Differentiating a convex barrier from a flat barrier is best appreciated when looking at the barrier from an angle. (See Understanding barrier configurations.) Flat barriers are literally flat, with no discernible protrusion on the adhesive side of the barrier. In contrast, a convex ostomy barrier has some degree of protrusion on the adhesive side; its curved or rounded shape gives the convex barrier its name. Convex products vary by manufacturer, each providing its own unique shape or depth of curve.
Flat barriers tend to work best in ideal situations: when the stoma is raised (protruding) above the level of the skin, the stomal os (opening of the stoma) is in the center, and the skin around the stoma is smooth and free from any irregularities such as wrinkles, creases, folds, or gullies.2,3 (See Comparing stomal characteristics and peristomal planes.) When the situation isn't ideal (that is, the stoma is flush or retracted, the stomal os isn't in the center or tips down, or surrounding skin has wrinkles, creases, and folds), then a convex barrier may be the better choice.2-4 Use of flat barriers in these imperfect situations may cause the barrier to “float” above the wrinkle, fold, or gully, or the inner edge of the barrier may rise above the level of the stomal os. Both circumstances contribute to the effluent undermining the barrier and result in leakage.
The stoma and peristomal planes should be assessed with the patient in the sitting position. Although ideal assessments would include a variety of positions such as supine, standing, and bending at the waist, the sitting position is the minimum required to identify any irregularities such as folds in surrounding skin.2,3 Assessing the patient in only the supine position would fail to show these important parameters and misdirect barrier selection.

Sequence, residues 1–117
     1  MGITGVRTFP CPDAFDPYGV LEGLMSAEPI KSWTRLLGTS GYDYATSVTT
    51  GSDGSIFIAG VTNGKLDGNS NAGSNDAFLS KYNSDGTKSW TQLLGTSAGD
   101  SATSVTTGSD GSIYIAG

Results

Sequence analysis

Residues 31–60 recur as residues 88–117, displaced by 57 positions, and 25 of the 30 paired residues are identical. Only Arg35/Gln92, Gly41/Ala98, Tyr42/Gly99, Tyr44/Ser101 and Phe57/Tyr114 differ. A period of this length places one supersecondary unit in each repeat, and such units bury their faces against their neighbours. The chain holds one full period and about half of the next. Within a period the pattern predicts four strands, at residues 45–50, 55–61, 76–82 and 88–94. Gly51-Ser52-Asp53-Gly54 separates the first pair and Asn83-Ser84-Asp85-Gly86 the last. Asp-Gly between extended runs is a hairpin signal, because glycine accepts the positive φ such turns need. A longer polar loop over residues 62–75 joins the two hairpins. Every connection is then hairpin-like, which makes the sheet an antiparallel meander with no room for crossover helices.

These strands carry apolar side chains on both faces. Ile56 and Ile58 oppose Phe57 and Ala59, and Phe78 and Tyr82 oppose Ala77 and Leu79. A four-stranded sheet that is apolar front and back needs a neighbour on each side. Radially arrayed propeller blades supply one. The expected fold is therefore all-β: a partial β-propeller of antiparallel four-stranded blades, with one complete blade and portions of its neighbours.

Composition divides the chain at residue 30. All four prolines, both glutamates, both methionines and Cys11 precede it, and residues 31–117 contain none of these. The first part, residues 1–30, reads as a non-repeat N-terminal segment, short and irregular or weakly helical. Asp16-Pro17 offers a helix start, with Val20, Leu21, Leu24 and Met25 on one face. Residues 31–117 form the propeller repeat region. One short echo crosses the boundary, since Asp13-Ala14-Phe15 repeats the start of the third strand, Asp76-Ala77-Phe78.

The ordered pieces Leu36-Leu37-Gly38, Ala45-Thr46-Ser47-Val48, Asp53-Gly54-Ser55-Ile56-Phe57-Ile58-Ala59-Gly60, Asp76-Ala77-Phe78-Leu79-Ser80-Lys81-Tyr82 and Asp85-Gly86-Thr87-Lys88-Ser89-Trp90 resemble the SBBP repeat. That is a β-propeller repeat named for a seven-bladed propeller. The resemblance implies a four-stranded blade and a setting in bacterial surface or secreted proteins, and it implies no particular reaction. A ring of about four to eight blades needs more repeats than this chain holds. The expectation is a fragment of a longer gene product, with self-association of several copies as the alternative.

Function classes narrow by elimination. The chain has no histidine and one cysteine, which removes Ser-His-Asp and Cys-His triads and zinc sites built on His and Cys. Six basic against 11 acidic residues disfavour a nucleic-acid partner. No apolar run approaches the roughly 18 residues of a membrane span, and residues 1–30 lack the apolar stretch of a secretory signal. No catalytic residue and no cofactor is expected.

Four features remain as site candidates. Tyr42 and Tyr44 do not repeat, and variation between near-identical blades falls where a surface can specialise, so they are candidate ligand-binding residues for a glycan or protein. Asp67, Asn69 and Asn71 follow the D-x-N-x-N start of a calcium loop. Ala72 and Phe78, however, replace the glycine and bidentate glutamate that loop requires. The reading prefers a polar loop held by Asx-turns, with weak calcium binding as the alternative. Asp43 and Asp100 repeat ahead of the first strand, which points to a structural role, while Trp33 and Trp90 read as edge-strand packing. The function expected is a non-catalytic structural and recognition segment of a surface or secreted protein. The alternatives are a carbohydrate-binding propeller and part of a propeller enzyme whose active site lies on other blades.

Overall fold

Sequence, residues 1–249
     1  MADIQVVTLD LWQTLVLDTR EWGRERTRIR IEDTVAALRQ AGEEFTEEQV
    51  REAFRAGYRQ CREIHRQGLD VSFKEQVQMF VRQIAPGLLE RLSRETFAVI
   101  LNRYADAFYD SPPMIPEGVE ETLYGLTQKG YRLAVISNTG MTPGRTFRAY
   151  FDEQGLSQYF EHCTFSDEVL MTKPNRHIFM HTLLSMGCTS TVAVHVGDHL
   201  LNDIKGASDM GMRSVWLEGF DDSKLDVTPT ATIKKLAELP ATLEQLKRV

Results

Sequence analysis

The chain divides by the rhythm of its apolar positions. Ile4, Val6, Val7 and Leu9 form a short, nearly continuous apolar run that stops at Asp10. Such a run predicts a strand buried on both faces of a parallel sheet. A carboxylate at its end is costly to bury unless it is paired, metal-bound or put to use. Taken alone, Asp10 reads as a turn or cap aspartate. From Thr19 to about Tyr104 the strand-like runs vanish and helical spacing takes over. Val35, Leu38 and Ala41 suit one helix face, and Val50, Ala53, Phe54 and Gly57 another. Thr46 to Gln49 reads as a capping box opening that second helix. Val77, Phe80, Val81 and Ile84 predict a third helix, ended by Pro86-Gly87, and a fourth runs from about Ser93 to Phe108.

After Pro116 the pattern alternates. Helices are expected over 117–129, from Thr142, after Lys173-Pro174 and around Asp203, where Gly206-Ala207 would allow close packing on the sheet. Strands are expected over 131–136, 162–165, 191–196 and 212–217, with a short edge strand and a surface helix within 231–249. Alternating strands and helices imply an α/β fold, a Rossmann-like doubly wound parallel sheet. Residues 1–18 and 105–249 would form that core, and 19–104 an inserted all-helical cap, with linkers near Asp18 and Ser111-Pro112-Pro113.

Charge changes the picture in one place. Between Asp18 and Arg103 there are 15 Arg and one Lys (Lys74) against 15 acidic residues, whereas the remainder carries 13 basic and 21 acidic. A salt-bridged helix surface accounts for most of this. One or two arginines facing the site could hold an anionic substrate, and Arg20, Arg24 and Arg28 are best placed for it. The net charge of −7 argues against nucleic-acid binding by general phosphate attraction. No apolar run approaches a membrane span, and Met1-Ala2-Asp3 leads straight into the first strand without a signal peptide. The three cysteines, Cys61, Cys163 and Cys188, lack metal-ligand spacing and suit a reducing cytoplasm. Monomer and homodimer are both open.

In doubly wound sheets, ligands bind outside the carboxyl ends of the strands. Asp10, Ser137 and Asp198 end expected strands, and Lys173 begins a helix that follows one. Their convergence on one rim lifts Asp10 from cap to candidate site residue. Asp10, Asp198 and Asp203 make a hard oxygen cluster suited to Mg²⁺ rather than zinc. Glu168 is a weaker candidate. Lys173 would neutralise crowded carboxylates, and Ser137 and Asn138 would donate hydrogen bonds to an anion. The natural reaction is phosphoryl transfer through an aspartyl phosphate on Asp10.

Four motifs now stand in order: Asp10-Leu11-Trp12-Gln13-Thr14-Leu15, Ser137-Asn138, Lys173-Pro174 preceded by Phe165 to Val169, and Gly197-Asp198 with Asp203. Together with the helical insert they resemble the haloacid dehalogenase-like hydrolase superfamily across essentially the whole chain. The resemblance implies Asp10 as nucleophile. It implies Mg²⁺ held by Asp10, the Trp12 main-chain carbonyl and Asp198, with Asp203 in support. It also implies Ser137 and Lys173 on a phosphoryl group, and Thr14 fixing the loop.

Convex skin barriers are now available from almost all ostomy product manufacturers in both one-piece and two-piece pouching systems, and in some cases, as an accessory such as a barrier ring. Although the design of these barriers varies, they all generally serve a similar function: displacing skin folds or adding tension to the peristomal skin to ensure a good fit.
How does a convex barrier work?
Convex barriers help to correct the less-than-perfect stoma and/or peristomal planes, preventing stool or urine from seeping underneath the barrier. Applying tension to the skin around the stoma can also help to make minor alterations to the stoma; for example, helping the stoma to protrude slightly more or helping the stomal os to tip in a different direction so it can drain more directly into the pouch.19 Convexity can also flatten wrinkles and creases, hold folds open, fill a defective skin surface, or match the shape of the surrounding gully.19 Using an ostomy belt will accentuate the properties of the convex barrier, increasing the pressure provided by the barrier directly against the skin.2
How convex barriers differ
Many types of convex barriers are available. Each ostomy product manufacturer has its own unique configuration and style of convexity, allowing nurses to find the best match for their patient.
Many descriptors can be used to differentiate convex barriers from one another; the most commonly used are those that help to describe the depth of convex protrusion. Although all convex barriers protrude, each manufacturer's barrier will protrude in varying degrees. Some offer a “light” or low-level protrusion; others have medium or deep levels of protrusion. Unfortunately, no standardized measurements define low, medium, or deep, nor does a uniform means exist to match these depths of convexity to specific patient assessments or findings.19 Nevertheless, broad categorizations may be made. For example, someone with minor or small wrinkles and creases in the peristomal skin may benefit from a low level of convexity, while those with significant folds may have more success with medium or deep levels of convexity.2 Ideally, a wound ostomy and continence nurse (WOCN) could help provide a full assessment and determination of convexity needs. The following organizations can help provide access to a WOCN or an enterostomal therapy nurse (ETN):